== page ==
Schwartz And The Academics
No, "the Academics" is not the name of a a new rock group that was started in Windsor, although some may say that the four professors may become the "Fab Four" of the conflict resolution world after this BLOG is posted.
Three Professors, Daniel Friesen, James Higginson and Kevin Li, from the Odette School of Business at the University of Windsor and one from the University of Hawaii – Leeward, Jason Levy, did a study on the Schwartz Report that I found while surfing the net. I met with the three Windsor academics (I know, I know....I should have gone to Hawaii but that's another story). Their paper is copyrighted by the IEEE and the Professors gave me permission to quote excerpts from their paper.
What made the paper fascinating to me were the conclusions reached (within about a month from the Schwartz presentation date), the fact that, from the benefit of hindsight, they were very accurate in their analysis and finally that their model has a practical, business application side to it as well. It is NOT just another toy for academics to write about to meet their "publish or perish" requirements.
The paper, "Windsor-Detroit Border Crossing Problem: Conflict Analysis of the Schwartz Report" used the "graph model for conflict resolution to predict, in advance of any announcement, the most likely outcome of the [Schwartz] proposal given the preferences of the governments of Canada, Ontario and Windsor, and of a pooled body of three competitors vying to become the key new route between the two countries."
The model was "a recently developed decision aid tool to handle strategic conflict with multiple participants." The use of their model by the City (or by a business) would help in determining the chances of success of a proposal. If the chance was low, it would allow for various actions to be taken in the model to see if something could be done to increase the likelihood of being successful. Alternatively, it could suggest dropping the proposal entirely and trying something else since there was little possibility of success. An analogy is the use of a spreadsheet for budgetary purposes where numbers are plugged in to see what the end result will be if different values are used.
As in any process, it is only as good as the work undertaken in advance that sets up the various assumptions. In this case, the professors had to determine who the key stakeholders and decision makers were, what were the important issues that influenced them and what was their position on each issue. Those factors were then inserted into their model and conclusions reached based on the output.
Now their conclusions:
- "Using the graph model for conflict resolution, our analysis suggests that it is most likely that nothing will happen, at least in the short term. The governments that have been asked for some CAD 1.5 billion have little to gain by spending money quickly. Deferring action until the bi-national report is a reasonable way for them to look like they are doing something without actually making any commitment of funds at all. They have, therefore, nothing to gain by acting quickly…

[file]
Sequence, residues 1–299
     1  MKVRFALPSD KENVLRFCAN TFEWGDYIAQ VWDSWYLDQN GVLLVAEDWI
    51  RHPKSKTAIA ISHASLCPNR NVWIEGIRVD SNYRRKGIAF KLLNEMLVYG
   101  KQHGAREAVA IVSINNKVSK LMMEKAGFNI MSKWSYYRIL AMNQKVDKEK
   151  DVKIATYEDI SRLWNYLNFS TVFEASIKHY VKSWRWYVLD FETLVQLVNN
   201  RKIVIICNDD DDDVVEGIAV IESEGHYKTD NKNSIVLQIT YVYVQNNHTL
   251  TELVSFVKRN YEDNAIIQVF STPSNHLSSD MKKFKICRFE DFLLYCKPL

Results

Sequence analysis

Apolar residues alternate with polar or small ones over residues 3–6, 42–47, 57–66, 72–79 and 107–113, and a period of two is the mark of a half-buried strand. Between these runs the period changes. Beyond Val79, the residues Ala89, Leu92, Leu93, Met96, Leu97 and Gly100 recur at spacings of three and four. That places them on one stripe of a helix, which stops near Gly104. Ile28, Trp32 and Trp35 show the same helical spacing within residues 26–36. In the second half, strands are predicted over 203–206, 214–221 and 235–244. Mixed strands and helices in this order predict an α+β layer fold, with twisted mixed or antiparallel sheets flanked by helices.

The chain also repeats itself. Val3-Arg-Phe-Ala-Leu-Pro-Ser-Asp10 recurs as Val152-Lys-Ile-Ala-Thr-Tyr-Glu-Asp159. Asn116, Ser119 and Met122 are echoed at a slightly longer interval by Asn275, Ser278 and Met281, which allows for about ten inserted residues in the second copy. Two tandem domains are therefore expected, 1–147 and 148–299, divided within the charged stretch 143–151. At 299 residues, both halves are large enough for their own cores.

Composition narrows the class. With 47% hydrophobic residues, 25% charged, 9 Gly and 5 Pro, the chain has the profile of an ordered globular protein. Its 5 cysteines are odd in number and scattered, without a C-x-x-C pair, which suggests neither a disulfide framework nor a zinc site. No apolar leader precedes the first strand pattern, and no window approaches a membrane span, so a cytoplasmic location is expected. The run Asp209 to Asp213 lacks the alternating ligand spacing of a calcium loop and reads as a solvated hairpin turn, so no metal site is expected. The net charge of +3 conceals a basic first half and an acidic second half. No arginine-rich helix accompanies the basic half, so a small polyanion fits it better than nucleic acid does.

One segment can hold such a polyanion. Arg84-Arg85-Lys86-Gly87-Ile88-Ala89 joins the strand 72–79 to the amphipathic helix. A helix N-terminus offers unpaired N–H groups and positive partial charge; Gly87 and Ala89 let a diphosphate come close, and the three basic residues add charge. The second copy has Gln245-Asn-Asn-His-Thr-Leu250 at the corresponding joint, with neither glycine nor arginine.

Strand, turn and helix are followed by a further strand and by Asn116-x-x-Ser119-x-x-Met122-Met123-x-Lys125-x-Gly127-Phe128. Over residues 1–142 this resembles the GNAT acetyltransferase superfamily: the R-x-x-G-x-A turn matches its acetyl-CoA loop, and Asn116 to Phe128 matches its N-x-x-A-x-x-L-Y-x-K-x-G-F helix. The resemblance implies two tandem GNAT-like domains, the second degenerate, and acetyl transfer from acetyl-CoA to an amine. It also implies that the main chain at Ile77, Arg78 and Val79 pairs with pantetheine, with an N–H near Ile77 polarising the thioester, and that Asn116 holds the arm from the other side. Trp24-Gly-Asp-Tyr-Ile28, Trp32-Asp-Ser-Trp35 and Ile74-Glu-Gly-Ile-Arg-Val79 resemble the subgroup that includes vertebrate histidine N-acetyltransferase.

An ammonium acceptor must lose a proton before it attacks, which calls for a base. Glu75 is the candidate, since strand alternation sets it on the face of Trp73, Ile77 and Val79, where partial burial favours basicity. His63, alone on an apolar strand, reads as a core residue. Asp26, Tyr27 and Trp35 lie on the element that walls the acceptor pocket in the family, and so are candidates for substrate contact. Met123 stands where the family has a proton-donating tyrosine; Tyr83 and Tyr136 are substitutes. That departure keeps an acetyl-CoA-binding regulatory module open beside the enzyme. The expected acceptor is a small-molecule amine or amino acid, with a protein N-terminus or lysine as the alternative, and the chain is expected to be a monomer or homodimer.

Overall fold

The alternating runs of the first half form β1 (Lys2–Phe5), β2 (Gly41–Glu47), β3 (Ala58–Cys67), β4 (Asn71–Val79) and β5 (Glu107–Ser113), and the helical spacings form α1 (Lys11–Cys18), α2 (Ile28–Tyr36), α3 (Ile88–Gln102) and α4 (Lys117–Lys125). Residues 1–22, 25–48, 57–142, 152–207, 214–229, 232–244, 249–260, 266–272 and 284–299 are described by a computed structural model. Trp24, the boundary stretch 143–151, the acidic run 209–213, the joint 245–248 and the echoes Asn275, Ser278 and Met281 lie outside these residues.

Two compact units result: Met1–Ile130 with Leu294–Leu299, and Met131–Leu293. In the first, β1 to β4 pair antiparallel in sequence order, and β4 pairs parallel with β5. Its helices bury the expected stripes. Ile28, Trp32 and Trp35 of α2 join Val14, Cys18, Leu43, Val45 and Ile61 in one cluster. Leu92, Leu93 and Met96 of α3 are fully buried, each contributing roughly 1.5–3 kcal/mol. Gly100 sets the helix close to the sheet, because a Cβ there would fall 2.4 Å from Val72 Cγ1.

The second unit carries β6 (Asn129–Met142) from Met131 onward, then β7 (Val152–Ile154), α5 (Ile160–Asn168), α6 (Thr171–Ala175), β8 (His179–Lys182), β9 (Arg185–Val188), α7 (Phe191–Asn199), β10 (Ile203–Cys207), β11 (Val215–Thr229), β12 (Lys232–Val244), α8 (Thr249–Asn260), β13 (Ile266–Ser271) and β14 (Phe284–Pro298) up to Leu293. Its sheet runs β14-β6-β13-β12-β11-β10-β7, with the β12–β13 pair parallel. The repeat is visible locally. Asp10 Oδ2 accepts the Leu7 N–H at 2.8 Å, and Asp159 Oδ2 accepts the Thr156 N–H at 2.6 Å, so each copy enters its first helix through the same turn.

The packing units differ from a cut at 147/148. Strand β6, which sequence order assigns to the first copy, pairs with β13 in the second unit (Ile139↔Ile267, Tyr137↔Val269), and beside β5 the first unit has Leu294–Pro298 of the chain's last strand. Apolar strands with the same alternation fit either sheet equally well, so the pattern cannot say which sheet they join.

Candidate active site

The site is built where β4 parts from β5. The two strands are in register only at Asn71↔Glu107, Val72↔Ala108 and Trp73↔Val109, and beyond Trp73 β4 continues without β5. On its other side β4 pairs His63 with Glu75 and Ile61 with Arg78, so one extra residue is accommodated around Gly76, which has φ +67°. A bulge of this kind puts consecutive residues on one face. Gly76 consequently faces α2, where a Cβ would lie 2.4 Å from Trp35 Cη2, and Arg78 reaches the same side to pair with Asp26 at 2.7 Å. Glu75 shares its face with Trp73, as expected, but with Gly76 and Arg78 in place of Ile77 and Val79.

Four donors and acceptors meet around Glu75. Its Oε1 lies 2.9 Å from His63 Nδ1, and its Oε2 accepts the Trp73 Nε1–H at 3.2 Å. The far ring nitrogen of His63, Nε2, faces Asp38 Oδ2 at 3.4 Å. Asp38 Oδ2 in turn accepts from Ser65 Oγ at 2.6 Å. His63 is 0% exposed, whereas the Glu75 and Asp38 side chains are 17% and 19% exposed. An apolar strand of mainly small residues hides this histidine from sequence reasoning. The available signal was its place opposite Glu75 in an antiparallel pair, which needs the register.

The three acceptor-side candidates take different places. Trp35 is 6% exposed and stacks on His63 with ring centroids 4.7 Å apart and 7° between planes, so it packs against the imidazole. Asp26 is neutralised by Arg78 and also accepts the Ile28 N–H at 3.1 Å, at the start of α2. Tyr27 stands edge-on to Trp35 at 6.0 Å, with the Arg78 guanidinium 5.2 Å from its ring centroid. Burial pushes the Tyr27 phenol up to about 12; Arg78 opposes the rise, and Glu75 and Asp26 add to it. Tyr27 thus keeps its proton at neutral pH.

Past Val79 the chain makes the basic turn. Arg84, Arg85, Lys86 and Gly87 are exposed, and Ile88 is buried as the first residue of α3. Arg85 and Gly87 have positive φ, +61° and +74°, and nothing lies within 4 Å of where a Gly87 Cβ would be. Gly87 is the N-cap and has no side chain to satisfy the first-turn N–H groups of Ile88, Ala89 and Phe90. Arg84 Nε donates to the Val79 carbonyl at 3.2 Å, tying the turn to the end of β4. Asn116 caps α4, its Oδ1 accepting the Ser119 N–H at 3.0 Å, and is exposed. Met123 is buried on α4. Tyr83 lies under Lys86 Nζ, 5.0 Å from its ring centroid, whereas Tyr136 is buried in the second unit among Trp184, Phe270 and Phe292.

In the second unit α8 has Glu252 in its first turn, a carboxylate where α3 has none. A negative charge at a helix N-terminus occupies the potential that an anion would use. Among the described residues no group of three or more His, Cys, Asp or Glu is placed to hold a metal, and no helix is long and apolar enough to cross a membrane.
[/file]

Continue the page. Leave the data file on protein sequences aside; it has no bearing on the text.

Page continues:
The Mayor of Windsor, responding to the Schwartz Report in the hearing of two of this paper’s authors, indicated that he would press Canada and Ontario to give Windsor what it “deserved.” That contributes nothing to the likelihood of the City getting its way, using our model. The parties being asked for funds will make up their minds according to what they view to be in their own best interests – and the City has not sold its perspective from that angle."
What it means is that the Professors concluded early on that Schwartz had little chance of success. Eddie's approach also was the wrong one to use. If the City had any hope of being successful, then it had to change its approach to accommodate the needs of the Senior Levels or come up with an alternative solution.
The City did neither until it was too late and after making enemies of almost everyone. We saw the City's approach changing with the remark of Councillor Valentinis that Schwartz was just a "starting point." Then, in desperation, the Mayor and Council adopted their new position that was set out in the Resolution passed in Tecumseh.
Unfortunately, they wasted time, effort and money on a losing proposal, failed to recognize that for months, and failed to adapt it to meet the needs of the other decision makers in the process. This model could have helped them early on, even before they went public with Schwartz. A proper strategy could have been developed that would have benefitted Windsor.
Frankly, is it any different now with the City PLAN on tunnels and the location of the bridge, roads and plaza? Perhaps the Professors might be hired to run their analysis! But then again, do the Mayor and Council want to change or give up on another "losing" proposition if it can help them "win" re-election? I wonder if the model factors that in!